Learn about a piece of history as you cast your eyes on the timeless sculptures of the Richard W. Bock Sculpture Museum in Greenville, Illinois.
Where it Began
Enriched in Greenville history, the Richard W. Bock Sculpture Museum is proudly housed by Greenville College’s oldest building, Almira College House, which was constructed in 1855. The museum is named after German-born Richard Bock, who worked with American architect Frank Lloyd Wright for many years. The collection started when former Greenville College art history professor, Donald P. Hallmark, learned that after Bock’s death in 1949, his children kept all his masterworks in storage hoping to fulfill their father’s dream of his works being displayed. Many of the pieces have been in storage since 1932! It was until 1972 when the Bock Sculpture Collection was presented to the college on condition of the works being placed permanently on exhibition. After agreeing on the terms, Hallmark then brought the first pieces of the collection from Los Angeles, California to Greenville, Illinois. Hallmark dedicated a team that included his wife and Greenville College’s art department to begin restoring and cataloging Bock’s pieces for his posthumous exhibition, and in the fall of 1975, the museum was opened to the public.
Bock established his first sculpture in downtown Chicago in 1891 after returning from three years of schooling in Berlin and Paris. He obtained major commissions that included Chicago Columbian Exposition and the exterior architectural sculpture. At the same time of the Chicago Columbian Exposition, he won a national competition where his entry piece was installed at the Indianapolis Public Library. Bock continued to thrive in the Chicago area and all over the country. In his last years before retirement, Bock returned to his hometown River Forest, Illinois, to design a colossus for the 1933 Century of Progress Exposition at Chicago, but the project never was completed. At the age of 84, Bock died of Parkinson’s Disease in 1949.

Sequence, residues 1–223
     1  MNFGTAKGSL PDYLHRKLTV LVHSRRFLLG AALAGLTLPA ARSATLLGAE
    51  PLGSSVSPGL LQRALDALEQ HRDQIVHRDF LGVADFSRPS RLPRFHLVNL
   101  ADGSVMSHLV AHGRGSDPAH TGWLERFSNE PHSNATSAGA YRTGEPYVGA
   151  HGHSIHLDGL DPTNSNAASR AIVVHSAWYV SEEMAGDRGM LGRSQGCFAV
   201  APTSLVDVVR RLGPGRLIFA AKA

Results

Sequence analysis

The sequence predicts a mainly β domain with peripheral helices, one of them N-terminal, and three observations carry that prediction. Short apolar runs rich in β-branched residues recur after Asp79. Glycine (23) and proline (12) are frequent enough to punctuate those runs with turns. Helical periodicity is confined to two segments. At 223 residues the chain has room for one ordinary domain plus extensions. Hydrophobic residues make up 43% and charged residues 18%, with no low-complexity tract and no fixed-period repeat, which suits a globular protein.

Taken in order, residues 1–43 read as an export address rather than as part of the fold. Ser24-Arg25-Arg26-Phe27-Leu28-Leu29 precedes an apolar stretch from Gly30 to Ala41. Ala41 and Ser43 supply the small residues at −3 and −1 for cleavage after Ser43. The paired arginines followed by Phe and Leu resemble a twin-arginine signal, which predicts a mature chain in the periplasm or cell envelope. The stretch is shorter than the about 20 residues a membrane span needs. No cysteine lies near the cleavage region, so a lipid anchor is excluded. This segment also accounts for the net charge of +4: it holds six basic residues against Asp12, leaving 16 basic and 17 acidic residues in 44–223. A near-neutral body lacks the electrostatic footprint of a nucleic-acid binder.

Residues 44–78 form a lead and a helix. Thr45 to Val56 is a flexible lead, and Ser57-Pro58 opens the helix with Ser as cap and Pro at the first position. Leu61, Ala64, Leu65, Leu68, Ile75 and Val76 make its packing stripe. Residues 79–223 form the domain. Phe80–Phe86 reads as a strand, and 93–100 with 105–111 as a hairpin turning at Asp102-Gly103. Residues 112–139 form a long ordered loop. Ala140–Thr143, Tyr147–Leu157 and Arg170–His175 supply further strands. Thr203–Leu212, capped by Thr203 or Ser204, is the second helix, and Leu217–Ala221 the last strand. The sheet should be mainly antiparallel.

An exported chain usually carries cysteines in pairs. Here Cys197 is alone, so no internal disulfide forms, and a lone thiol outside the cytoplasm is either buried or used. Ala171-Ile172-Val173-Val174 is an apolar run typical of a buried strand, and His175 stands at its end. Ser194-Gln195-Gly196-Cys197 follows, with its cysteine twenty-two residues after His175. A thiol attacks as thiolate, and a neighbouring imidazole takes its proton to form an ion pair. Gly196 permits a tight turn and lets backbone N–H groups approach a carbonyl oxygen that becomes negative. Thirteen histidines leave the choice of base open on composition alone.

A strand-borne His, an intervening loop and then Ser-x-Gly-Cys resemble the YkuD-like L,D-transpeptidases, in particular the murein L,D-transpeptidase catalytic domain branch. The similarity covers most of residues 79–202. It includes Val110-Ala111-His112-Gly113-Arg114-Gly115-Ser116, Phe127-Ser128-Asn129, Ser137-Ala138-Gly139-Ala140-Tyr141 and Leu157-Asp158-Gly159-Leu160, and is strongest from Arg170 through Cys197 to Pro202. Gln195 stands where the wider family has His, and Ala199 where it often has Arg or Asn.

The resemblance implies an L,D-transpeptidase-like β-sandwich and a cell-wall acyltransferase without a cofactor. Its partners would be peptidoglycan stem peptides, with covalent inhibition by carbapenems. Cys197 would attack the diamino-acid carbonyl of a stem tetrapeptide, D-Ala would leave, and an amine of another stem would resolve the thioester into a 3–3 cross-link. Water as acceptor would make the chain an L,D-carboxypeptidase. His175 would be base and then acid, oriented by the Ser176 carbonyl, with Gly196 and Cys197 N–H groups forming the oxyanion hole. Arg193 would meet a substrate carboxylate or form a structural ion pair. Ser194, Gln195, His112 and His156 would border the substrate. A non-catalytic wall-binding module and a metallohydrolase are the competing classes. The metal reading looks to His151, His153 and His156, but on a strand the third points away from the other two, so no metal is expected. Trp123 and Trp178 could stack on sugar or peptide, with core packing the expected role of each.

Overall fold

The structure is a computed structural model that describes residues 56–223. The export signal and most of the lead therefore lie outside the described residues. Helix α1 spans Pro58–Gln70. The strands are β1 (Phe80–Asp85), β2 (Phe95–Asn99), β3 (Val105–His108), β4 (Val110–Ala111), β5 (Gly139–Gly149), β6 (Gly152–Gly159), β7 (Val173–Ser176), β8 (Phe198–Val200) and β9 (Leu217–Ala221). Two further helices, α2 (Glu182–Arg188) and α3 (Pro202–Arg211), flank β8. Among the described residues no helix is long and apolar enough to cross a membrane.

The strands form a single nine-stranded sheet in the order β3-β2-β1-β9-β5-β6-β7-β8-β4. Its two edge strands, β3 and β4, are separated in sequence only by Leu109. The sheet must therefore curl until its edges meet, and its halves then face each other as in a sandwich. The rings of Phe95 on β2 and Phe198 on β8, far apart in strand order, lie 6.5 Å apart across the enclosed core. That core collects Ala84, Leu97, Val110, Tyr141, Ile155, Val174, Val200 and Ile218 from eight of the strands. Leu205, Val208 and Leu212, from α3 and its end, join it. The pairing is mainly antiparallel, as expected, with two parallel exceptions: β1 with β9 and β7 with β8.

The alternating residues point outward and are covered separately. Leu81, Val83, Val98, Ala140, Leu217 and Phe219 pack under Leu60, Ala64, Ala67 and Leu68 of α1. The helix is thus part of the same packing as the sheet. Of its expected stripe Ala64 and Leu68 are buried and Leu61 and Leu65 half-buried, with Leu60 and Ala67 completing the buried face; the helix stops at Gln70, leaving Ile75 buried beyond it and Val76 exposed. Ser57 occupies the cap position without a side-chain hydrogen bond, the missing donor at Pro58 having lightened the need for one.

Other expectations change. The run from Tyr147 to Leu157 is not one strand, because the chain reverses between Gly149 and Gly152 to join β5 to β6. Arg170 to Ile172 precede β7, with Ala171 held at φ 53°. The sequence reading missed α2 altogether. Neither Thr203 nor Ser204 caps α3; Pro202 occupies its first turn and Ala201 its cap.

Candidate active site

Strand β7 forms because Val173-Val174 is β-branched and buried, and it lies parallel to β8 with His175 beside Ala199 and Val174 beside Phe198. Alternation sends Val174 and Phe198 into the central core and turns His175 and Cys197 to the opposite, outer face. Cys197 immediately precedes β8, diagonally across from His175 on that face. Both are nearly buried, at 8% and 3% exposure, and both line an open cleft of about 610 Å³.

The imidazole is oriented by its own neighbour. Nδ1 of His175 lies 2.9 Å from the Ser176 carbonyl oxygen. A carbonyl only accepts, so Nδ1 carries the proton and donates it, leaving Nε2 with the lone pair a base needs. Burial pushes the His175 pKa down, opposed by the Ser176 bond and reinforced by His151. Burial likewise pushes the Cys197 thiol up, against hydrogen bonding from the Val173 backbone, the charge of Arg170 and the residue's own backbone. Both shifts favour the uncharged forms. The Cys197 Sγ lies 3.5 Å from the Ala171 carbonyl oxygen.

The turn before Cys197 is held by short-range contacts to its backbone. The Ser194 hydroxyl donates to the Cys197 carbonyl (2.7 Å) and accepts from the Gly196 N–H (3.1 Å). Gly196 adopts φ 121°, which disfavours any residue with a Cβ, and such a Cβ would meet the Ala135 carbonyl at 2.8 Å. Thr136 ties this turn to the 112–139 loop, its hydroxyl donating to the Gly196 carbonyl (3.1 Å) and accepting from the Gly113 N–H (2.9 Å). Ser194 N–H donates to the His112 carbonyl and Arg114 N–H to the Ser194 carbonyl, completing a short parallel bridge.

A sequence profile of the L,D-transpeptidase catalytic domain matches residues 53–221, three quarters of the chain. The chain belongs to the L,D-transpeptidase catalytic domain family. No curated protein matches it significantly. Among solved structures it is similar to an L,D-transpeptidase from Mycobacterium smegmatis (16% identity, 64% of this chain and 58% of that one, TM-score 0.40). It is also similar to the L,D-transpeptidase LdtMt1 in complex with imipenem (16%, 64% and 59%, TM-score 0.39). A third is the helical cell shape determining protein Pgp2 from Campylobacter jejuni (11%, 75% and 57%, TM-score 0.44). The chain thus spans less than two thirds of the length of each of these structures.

More than 300 of bronze and plaster sculptures are in the collection that varies from renderings of Europe and early ideas for projects and commissions. Several architectural drawings by Frank Lloyd Wright are also featured, as well as personal letters written by Bock, Wright, Alphonso Iannelli, Karl Bitter, and William Gray Purcell. The Richard W. Bock Sculpture Museum is open Monday through Friday by appointment only. Contact Dr. Sharon Grimes, Director of the Richard W. Bock Sculpture Museum at (618) 664-6521 to experience the life and work of Bock.
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